Brain Worms

OK, I know the title is gross.  Horrifying, even.   How do you think I feel?  I have brain worms.

I don’t know, maybe you do too.  My friend Shmuel, who knows a lot of things, says he has them too.  In fact, he maintains that everybody has them.  I beg to differ, but I’d love to hear from you, dear readers, whether you do or do not have brain worms.

” Brain worm” is a term that refers to phrases of music that play themselves over and over and over and over and over, in your head.  The sounds are specifically from inside your head as opposed to true auditory hallucinations, which sound like they’re coming from outside your head, for example through the wall sockets or the sink faucet or just anywhere.

Brain worms can either be phrases of music that you know (the one that is playing in my head right now is part of an old-time fiddle tune, which has been rather pleasant but now it’s getting mucked up with some other not-so-nice cacauphonous mess), or in my case, often hard rock guitar riffs that I have never heard before.  I don’t even like hard rock.

The phrases are so clear that I can sing them.  They are often intrusive to the point that I lose my train of thought.

I asked my psychiatrist about them.  He didn’t know anything.  He told me I’m a doctor, go look it up.  That infuriated me, and if he hadn’t been so good to me over the years when I was really struggling I would have fired him on the spot.  But then, there are no psychiatrists in my area that are accepting new patients, so I’m stuck.  He called in some clonazepam, which has done squat.  To his credit, he did say that he thought it might be seizure related, and I do have cingulate gyrus seizures which cause me olfactory hallucinations if I don’t take my antiseizure medication.  Fortunately the smell hallucinations tend to be of something nice baking.  I shudder to think what they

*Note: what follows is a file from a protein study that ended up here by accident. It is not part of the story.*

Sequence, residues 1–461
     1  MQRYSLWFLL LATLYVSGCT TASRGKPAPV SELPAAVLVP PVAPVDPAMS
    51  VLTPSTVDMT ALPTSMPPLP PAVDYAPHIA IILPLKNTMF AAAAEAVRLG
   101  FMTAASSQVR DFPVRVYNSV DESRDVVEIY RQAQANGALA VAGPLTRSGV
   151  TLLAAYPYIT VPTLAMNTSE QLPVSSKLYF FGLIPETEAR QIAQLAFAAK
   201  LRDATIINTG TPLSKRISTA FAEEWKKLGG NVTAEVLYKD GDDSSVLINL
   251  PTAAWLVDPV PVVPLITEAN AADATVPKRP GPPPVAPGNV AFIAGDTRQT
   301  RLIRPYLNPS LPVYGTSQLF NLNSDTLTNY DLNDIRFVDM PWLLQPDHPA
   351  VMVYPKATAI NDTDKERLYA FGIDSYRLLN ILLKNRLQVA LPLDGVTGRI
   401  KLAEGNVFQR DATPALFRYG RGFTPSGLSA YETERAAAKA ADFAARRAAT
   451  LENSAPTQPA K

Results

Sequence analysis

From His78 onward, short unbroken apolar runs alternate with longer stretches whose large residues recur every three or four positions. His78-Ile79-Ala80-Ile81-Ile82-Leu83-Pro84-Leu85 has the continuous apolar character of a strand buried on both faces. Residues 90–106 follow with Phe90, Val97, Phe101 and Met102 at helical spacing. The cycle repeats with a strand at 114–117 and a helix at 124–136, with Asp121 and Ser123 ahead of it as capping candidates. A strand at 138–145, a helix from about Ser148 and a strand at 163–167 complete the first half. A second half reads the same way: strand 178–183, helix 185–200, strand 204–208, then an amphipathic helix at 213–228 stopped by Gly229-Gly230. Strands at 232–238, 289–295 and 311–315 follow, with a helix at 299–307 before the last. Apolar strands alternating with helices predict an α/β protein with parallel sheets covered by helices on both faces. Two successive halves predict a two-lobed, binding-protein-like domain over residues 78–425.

could be, Heaven forfend.  So adding another seizure med does make sense.  It just hasn’t worked.

I Googled “brain worm” and found a “crazy forum” that had a lot to say about it.  Some found it related to OCD (Obsessive Compulsive Disorder).  I do score fairly high on the OCD tests, so maybe that’s it.   Other people said that increasing their doses of AAPDs (Atypical Antipsychotic Drugs) helped.  I do take Seroquel, and it helps with my PTSD symptoms, but it’s so sedating and mind-numbing that for now I’m just putting up with the intrusive tunes in my head.  Talk about I-tunes!  Aargh.